When my parents decided that I should leave the island, I didn’t want to. For about one month, I cried every day.

I sent my wages from the quarry to pay off the farm.

Anargiros Emmanuel Loukis
Life in the difficult years

Text: Maro Voulgari

I was born in 1941, on the feast day of Sts Anargiri at Kamari and I was registered at the Lefkes community. My mother was from Maltes and my father from Lefkes. I am the seventh child of a family with nine children. Very difficult years. As a child I was always hungry. Food was scarce. Some milk, cheese, bread, some fruit, that was all. At the house we had goats, horses, a mule and chicken. When I was twelve, we had about hundred and sixty goats and cows.

During the Occupation
we had stored enough barley flour to last for three years.
But my father had said that anyone who came to our home wouldn’t leave without food. So people came and got bread for their family. We kept the food hidden in pots under the earth. We used a hand grinder to grind small quantities of flour, because if we sent it to the mill, the Italians would demand a share.
Once, Italian soldiers came to our house and demanded olive oil, cheese and meat. My mother said: “I have many children, I don’t have.” They swore at her and turned their guns at her. Very scared, we hid under her skirts.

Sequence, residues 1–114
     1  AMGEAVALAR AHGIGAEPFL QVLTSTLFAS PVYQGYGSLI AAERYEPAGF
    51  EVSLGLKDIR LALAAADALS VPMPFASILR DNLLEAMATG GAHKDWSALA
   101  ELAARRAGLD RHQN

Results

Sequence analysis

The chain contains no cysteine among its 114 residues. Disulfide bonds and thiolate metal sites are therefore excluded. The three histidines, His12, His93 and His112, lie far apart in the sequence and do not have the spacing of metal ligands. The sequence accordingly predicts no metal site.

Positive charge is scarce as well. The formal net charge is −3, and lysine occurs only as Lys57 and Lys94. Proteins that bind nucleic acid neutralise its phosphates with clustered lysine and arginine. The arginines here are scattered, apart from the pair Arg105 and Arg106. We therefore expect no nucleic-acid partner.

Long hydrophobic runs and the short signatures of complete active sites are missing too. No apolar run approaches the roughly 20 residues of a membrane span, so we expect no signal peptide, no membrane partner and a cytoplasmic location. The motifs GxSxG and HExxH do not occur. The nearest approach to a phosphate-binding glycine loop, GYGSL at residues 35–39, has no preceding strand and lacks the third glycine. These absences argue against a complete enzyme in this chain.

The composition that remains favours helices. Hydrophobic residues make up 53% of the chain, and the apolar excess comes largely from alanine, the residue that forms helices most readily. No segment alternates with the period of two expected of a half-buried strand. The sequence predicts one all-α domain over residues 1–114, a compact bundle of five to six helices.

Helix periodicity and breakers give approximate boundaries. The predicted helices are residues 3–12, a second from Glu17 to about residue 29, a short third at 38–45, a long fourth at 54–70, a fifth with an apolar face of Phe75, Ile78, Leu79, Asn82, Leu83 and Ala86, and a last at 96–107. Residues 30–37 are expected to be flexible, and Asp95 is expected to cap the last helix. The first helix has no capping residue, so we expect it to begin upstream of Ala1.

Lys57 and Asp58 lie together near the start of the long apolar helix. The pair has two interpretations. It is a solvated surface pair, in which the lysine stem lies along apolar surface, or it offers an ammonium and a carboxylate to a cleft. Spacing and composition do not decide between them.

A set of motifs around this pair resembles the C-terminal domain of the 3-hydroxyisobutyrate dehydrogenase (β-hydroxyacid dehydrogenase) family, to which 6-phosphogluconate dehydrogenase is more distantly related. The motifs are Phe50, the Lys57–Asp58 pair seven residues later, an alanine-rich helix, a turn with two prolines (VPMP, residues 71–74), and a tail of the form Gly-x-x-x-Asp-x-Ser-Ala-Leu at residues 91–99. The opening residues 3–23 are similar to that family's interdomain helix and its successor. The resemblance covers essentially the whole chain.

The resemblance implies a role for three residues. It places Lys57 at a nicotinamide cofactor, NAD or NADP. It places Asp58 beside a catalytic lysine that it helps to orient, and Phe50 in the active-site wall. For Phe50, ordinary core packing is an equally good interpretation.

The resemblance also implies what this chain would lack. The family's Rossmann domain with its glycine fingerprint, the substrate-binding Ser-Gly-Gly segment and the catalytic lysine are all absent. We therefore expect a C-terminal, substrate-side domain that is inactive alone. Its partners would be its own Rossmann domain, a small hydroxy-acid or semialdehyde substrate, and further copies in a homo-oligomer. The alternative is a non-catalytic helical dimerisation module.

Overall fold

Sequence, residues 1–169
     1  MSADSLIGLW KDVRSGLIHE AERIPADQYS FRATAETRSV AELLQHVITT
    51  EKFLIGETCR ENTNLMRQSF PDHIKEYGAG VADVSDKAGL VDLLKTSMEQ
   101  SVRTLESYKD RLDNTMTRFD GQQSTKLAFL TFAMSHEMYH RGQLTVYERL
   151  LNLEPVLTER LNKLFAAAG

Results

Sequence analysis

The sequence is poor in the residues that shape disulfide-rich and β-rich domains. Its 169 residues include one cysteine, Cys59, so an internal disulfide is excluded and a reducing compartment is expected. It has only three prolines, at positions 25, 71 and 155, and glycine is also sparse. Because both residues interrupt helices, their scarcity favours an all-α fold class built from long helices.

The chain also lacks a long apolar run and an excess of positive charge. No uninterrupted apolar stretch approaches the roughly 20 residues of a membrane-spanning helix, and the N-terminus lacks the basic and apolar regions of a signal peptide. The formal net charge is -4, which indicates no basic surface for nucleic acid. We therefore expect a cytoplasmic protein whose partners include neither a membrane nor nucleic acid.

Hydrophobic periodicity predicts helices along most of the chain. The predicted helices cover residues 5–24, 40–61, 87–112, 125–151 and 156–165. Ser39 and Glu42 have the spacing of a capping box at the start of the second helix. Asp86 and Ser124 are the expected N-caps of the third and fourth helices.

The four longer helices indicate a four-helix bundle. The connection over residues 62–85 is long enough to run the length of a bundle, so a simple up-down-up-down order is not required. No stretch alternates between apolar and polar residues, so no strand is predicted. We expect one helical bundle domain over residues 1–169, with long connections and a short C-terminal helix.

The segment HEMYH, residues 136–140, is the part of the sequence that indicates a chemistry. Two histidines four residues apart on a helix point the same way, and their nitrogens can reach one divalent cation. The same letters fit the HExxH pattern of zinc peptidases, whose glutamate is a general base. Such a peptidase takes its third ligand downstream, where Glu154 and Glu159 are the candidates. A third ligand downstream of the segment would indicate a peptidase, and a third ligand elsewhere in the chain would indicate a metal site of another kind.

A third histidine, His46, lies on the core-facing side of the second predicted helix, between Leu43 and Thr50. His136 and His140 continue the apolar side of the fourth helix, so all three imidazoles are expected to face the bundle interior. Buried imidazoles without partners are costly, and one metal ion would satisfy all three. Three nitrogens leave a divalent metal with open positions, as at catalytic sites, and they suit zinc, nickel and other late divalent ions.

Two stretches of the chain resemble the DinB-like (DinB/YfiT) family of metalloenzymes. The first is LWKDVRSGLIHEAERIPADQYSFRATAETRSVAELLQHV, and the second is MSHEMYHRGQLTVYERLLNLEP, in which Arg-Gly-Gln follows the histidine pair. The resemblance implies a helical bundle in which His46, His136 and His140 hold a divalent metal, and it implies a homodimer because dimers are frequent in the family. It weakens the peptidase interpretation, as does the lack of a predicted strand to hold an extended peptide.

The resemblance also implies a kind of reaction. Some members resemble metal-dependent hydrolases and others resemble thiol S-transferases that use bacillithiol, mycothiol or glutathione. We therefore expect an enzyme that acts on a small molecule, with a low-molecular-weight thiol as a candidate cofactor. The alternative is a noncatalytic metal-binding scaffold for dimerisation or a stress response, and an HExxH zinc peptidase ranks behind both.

A neighbor whose house they had requisitioned, got out and threatened to report them to the commandante. This saved us.

The village had many children, the houses were all full. The people were friendly, they smiled, they said good morning. Now, it hurts me to see them going past without greeting you…
On name days we all went to give our wishes. We had a very good time. There were no rich meals, some cheese, tomatoes and maybe some herrings, but they played the bagpipes and the toumbakia (drums) and all the people danced.
Aliki was a fishing village. Six houses in all. They had caiques. Old Konstantis had the boat “Moshoula” and sailed to all the islands, old Manolis had a trawl. There was also Captain Andreas’ “grape factory” which sent must of the Vaftra variety to France. Mules and donkeys carried the must to the caiques.
On the eve of feast days we went to the fairs, the next day, after the Mass, meals were offered and we had a very good time. Our biggest feasts were those of the Holy Cross, St George, Sts Anarghiri, the Prophet Elias, Sts Theodori and St Haralambos at Aneratzia where you could see as many as 500 mules outside the church.
We had other feasts as well. On the day of Klidonas we gathered at the house of old Giorgos Panteleos and we dropped an item in a pot of water. The one, who fished it, paired it with some verses and sent it to the one who had thrown it in the water.

On May Day we stole flowers to make wreaths. Forty days later we lighted fires and jumped over them. We made a wish when we jumped. Not aloud, no one should hear it. We also played the “silent water” game. Three first born girls went to three wells to bring water and they shouldn’t say a word, no matter what we told them.